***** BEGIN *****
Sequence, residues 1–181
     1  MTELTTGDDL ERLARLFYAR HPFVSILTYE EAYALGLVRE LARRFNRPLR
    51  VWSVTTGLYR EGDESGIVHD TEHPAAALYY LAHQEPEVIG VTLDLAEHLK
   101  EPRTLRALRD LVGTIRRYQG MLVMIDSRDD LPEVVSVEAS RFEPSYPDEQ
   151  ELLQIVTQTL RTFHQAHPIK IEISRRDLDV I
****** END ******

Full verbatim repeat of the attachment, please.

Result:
Sequence, residues 1–181
     1  MTELTTGDDL ERLARLFYAR HPFVSILTYE EAYALGLVRE LARRFNRPLR
    51  VWSVTTGLYR EGDESGIVHD TEHPAAALYY LAHQEPEVIG VTLDLAEHLK
   101  EPRTLRALRD LVGTIRRYQG MLVMIDSRDD LPEVVSVEAS RFEPSYPDEQ
   151  ELLQIVTQTL RTFHQAHPIK IEISRRDLDV I